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  5. "Nílim ar fáil, ach tá sé."

"Nílim ar fáil, ach sé."

Translation:I am not available, but he is.

January 15, 2015

14 Comments


https://www.duolingo.com/profile/PatHargan

The contrast would be marked better by using 'seisean'.


https://www.duolingo.com/profile/smrch

Definitely. Her stressing of 'sé' is incorrect.


https://www.duolingo.com/profile/teaclud

so nil mise, ach ta seisean? cannot do a fada


https://www.duolingo.com/profile/Knocksedan

Surely I amn't the only one who says amn't?


https://www.duolingo.com/profile/Annette

I think we say it in Ireland. Probably because it translates directly.


https://www.duolingo.com/profile/SeanMeaneyPL

Surely, you're not. Nothing wrong with amn't, widely used in Ireland and Scotland (sometimes amnae in Scotland). And so much better than ain't.


https://www.duolingo.com/profile/wolfleis

The ultimate wingman.


https://www.duolingo.com/profile/IsMiseArron

For all of these, it's correct to say "nil mé" as well isn't it? And for example "ceannaim" can also be said as Ceann mé? Different dialects isn't it?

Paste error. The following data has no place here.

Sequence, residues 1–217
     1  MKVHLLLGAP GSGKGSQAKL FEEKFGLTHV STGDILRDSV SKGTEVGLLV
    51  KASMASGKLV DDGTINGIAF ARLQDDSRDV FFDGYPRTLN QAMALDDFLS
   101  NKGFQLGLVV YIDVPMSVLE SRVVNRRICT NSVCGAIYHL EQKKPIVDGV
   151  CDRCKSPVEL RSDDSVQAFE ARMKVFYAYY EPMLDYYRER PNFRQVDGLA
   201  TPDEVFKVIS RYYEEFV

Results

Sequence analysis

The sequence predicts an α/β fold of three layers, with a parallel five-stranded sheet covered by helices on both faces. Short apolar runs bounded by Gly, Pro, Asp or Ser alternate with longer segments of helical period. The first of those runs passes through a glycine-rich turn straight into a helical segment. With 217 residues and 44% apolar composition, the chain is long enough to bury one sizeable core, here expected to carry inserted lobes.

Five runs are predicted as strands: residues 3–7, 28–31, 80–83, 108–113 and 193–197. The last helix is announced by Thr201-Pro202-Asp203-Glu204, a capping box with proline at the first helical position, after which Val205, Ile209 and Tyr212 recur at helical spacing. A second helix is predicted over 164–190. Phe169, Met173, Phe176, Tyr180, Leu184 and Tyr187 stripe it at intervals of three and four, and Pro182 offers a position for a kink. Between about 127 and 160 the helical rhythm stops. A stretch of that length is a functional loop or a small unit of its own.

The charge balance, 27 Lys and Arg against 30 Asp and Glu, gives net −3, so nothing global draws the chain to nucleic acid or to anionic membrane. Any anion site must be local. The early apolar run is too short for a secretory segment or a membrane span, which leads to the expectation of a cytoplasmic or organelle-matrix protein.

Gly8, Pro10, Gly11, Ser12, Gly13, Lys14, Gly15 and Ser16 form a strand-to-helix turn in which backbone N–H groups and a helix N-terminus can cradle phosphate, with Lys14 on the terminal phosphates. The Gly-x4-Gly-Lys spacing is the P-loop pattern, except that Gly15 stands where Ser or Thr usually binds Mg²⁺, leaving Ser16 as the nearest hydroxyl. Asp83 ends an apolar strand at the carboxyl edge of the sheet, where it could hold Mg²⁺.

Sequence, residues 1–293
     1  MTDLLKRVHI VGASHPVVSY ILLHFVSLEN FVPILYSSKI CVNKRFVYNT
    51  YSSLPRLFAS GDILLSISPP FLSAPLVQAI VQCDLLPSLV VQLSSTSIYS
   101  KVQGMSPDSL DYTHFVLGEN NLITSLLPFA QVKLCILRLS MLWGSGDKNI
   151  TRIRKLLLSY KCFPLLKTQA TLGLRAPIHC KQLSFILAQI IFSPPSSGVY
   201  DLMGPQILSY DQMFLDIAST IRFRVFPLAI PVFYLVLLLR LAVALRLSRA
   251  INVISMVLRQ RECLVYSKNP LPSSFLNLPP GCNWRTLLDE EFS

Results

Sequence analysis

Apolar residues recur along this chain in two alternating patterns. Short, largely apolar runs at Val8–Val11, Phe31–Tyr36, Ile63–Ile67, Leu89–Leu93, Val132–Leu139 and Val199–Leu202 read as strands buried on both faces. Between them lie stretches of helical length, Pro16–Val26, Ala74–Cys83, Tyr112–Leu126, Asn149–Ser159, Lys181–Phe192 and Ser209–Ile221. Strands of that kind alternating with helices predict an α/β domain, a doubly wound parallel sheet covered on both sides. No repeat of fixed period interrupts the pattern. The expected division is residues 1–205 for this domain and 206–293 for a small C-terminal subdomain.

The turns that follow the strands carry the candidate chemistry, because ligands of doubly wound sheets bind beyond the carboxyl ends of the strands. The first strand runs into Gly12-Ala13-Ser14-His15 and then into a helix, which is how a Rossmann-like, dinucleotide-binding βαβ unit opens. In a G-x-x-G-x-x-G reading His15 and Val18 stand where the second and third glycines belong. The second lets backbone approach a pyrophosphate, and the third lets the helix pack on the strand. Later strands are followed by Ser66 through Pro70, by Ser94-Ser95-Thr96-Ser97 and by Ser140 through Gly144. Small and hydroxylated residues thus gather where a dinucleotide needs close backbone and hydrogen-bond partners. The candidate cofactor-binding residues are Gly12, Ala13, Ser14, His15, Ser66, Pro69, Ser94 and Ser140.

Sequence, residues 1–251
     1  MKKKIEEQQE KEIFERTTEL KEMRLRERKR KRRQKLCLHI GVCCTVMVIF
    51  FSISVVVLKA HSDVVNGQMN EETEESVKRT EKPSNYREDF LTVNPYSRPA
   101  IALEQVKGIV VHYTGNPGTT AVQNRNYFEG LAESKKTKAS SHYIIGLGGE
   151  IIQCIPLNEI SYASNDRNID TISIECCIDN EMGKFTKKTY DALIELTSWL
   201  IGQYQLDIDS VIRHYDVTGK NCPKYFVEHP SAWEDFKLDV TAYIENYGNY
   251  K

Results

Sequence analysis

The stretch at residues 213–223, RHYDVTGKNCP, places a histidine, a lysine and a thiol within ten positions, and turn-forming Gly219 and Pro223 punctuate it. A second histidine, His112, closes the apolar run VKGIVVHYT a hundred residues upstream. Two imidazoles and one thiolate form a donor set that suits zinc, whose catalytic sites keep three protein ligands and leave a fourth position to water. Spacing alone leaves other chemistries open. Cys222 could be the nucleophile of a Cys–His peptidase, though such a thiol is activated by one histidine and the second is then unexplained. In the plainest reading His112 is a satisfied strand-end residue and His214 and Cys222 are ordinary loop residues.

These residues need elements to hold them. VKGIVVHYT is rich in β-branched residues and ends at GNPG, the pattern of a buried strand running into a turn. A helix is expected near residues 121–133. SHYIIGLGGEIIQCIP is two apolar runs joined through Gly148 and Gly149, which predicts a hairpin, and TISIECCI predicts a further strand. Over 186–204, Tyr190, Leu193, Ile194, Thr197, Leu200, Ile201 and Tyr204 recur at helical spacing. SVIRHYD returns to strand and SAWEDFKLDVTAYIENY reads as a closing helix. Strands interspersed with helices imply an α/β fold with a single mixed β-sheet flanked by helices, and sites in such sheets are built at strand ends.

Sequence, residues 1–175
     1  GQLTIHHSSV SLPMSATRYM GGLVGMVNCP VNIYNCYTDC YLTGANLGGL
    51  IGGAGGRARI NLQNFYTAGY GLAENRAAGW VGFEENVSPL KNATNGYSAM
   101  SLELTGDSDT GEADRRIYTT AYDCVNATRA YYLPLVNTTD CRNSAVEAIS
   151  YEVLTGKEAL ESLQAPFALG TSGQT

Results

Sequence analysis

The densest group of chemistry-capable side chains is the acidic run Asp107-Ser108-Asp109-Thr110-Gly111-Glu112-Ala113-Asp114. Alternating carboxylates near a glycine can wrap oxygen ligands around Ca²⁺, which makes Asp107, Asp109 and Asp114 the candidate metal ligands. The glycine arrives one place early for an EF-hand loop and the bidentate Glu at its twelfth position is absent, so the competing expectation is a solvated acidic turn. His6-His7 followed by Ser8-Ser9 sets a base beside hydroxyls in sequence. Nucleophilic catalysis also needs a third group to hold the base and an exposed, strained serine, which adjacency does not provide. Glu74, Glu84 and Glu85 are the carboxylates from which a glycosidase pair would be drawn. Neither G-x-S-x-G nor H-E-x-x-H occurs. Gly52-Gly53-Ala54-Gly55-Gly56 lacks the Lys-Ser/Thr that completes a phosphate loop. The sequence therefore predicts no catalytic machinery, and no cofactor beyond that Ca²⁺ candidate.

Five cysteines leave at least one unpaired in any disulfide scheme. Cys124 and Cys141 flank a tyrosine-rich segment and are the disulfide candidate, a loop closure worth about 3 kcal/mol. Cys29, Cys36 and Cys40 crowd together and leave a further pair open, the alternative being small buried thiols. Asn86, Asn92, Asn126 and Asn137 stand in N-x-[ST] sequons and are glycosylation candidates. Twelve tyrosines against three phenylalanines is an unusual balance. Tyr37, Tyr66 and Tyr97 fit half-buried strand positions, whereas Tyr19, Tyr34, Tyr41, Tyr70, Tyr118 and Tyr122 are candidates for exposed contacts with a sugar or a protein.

https://www.duolingo.com/profile/PatHargan

I'm not sure, but I think it would have to be 'ceannaíonn mé'.


https://www.duolingo.com/profile/JenLynch3

Available & free - the same?


https://www.duolingo.com/profile/Knocksedan

The English phrase "I'm free" can sometimes be interpreted as "I'm available", rather than "I have been released from jail", but no, as a general rule, available and free aren't the same.


https://www.duolingo.com/profile/Hansperger

Could "Nílim ar fáil" mean "I'm ready" as well?


https://www.duolingo.com/profile/19O492554

Do you mean "I'm not ready"?

No, Nílim ar fáil wouldn't normally be interpreted as "I'm not ready".


https://www.duolingo.com/profile/Hansperger

Yes, that's what I meant, silly mistake. Oh ok, thanks a lot!

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